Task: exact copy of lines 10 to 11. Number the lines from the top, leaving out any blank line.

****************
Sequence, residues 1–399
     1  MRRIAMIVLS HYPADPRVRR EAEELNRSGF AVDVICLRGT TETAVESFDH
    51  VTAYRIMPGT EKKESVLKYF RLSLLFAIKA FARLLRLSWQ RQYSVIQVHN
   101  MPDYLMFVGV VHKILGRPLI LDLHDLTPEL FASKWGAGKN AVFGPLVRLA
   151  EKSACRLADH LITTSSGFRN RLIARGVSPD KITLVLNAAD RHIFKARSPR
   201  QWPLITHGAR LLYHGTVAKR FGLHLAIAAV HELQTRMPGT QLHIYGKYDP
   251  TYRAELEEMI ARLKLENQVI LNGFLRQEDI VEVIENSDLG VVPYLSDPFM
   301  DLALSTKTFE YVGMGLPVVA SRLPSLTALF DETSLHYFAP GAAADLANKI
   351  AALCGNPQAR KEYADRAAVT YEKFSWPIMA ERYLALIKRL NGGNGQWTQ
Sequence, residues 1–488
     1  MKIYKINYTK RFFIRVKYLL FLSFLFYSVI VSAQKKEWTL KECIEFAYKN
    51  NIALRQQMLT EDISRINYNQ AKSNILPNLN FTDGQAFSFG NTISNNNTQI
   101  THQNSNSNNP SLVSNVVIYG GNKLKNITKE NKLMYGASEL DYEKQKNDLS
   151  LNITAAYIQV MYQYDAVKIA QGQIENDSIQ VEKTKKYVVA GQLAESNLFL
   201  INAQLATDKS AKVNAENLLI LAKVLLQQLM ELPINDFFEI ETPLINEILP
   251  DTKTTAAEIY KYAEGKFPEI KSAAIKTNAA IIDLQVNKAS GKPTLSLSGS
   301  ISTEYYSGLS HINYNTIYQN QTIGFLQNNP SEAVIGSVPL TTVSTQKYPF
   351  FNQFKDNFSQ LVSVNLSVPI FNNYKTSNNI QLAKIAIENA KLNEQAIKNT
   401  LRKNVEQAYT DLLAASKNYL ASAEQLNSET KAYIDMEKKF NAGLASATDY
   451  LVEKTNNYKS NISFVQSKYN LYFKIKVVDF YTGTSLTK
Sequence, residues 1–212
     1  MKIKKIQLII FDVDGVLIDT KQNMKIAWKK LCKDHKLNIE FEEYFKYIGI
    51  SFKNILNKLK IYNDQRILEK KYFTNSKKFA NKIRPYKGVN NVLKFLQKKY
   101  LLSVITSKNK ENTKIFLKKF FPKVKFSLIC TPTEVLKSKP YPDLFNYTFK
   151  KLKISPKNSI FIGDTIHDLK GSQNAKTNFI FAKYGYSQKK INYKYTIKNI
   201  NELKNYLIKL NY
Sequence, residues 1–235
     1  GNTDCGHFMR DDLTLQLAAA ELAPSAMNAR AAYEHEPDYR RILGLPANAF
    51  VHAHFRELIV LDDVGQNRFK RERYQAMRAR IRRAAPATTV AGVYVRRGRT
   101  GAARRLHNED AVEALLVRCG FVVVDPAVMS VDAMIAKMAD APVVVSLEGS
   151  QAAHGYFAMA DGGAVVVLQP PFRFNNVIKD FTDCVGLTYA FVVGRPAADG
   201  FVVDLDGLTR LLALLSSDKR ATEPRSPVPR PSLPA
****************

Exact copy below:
Sequence, residues 1–488
     1  MKIYKINYTK RFFIRVKYLL FLSFLFYSVI VSAQKKEWTL KECIEFAYKN